“The drum is the pulse of life.” That’s the declaration insisted by Fela Kuti in the vibrantly fresh and hypnotically cool Afrojazz musical that explores the pioneering legacy of the Nigerian entertainer. Fela! was one of the recent offerings I witnessed in a bold, life-like screening as produced by the prestigious National Theatre in London. Their NT Live series, just like the Met Opera in New York City, captures live theatrical performances in HD format and beams it live by satellite to movie theaters across the UK and the US. Or depending on which theater you choose to see it, the screening is saved on the cinema’s hard drive and is presented in an encore showing.
The infectious musical touches on the active life of Fela Anikulapo-Kuti and his one-night concert event at the Shrine, his famed nightclub that adds luster to his legendary status. On this particular night, the show-within-the-show framework reveals to the audience that it would be Fela’s final night at the club. They better live it up or he’ll send his exotically slinky female dancers for a tease.
In addition to being an influential political activist, Fela used his trademark music to convey his status as the resistance to the Nigerian governmental oppression. Music and dance is his key communicator. Just like his chorus of agile and hip-shaking dancers, it all just flows out so seductively. The score’s musical hybrid of jazz, funk and African rhythm and harmonies as performed by the crack jazz ensemble literally emanates from off the stage, or in this case, off the screen.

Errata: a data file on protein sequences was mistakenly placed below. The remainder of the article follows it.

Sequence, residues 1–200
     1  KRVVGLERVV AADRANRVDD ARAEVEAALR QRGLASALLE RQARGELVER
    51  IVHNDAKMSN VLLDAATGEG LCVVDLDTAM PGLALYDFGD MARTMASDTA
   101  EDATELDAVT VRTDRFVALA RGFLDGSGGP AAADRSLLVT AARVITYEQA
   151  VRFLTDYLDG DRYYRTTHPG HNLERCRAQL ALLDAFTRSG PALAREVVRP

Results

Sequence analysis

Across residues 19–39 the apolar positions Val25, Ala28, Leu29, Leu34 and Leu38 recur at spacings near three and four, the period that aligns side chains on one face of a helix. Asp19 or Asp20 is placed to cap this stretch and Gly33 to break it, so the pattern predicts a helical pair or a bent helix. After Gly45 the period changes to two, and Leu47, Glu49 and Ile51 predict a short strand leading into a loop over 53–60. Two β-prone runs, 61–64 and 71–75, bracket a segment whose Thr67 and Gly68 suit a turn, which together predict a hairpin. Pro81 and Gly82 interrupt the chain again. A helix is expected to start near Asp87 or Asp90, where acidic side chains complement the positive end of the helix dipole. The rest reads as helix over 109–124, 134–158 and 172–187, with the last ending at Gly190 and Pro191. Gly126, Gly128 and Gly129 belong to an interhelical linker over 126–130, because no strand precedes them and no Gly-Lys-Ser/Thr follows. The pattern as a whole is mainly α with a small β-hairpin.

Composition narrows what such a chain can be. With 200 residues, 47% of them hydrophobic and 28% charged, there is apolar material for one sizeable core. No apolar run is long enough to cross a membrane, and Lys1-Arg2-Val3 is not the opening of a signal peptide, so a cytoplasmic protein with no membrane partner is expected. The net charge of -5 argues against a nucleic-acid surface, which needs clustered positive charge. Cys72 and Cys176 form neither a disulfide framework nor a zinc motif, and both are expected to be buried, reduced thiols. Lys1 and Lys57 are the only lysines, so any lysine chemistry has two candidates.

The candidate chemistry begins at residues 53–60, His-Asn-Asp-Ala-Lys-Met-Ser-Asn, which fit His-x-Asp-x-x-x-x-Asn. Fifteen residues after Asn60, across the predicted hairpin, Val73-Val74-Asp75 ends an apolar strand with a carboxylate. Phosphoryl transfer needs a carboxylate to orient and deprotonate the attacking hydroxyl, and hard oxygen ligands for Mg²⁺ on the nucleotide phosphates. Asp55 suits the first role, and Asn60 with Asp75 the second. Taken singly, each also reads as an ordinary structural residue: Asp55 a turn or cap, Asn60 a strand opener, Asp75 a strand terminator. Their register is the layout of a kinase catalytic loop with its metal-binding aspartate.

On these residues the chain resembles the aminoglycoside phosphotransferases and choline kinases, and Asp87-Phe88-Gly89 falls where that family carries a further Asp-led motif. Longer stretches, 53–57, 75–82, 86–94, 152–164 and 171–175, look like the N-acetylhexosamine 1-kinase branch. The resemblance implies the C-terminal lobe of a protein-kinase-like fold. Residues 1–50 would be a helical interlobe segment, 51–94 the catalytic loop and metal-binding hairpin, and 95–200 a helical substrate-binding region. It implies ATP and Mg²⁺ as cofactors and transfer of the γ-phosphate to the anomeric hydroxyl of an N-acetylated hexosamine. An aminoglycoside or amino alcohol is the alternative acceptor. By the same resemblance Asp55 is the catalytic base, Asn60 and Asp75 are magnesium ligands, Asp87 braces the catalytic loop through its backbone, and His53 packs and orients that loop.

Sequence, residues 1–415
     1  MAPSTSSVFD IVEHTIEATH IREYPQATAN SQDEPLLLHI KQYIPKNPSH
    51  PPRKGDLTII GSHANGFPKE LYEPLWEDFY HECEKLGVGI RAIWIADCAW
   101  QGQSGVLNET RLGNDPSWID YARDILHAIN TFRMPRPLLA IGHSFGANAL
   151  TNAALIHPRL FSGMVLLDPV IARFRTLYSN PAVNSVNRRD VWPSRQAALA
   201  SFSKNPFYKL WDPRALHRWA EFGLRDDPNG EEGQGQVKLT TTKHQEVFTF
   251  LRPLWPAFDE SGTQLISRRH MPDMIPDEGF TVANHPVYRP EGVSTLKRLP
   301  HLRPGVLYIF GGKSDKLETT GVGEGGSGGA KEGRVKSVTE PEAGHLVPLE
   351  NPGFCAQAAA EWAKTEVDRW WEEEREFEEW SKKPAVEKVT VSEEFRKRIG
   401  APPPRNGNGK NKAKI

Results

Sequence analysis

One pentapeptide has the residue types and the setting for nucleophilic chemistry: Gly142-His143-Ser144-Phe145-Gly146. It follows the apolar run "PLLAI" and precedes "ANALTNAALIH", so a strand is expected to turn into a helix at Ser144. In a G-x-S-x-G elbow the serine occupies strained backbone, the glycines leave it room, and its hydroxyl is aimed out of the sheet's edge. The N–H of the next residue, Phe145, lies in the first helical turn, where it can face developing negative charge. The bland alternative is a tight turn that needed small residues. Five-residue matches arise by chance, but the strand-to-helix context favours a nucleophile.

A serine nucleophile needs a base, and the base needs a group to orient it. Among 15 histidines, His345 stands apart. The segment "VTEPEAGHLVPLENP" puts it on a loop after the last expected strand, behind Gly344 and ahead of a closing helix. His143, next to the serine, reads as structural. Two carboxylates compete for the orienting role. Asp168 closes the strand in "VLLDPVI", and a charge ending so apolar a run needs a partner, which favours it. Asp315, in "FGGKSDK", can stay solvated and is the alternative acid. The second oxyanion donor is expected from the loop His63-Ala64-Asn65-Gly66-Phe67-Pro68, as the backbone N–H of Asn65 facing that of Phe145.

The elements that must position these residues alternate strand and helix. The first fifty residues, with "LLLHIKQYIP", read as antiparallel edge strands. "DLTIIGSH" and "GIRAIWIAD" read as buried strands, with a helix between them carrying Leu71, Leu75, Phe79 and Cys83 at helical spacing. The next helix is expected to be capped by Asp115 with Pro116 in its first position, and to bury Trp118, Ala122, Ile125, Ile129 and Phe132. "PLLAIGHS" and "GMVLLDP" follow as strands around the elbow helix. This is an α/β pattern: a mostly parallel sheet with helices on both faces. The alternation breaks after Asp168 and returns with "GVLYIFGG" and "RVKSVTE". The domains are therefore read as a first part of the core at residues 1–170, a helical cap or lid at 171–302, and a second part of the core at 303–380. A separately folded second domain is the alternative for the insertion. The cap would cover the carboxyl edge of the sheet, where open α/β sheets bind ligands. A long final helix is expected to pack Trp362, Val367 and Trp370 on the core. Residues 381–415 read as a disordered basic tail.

Sahr Ngaujah, magnetic presence he is, plays Fela with true immensity and empowerment. As if you were seeing the real-life Fela before you conducting the proceedings, the utter conviction in creating a master performance becomes so personal. It’s all right there being channeled by Ngaujah. Fela’s spiritually haunting mother, Funmilayo Kuti, also plays a part in the moral conscience of Fela’s mind. As played by Melanie Marshall, her reverberant vocals hypnotize and add shades of musical grounding in between bursts of African drumming and horn swelling.
Although the show is thin on plot and contains long stretches of fluttering dance interludes, Fela! remains a vibe-heavy experience filled with unique and contemporary devices only seen in groundbreaking musicals. Spring Awakening, Passing Strange and Next To Normal can now join Fela! in this small, but growing list. Director and choreographer Bill T. Jones has conceived his show as an entertaining tribute to Fela’s life and legacy. Even if you are not aware of the biographical backstory, you will still come away appreciative of being in the company of Fela and his farewell concert at the Shrine.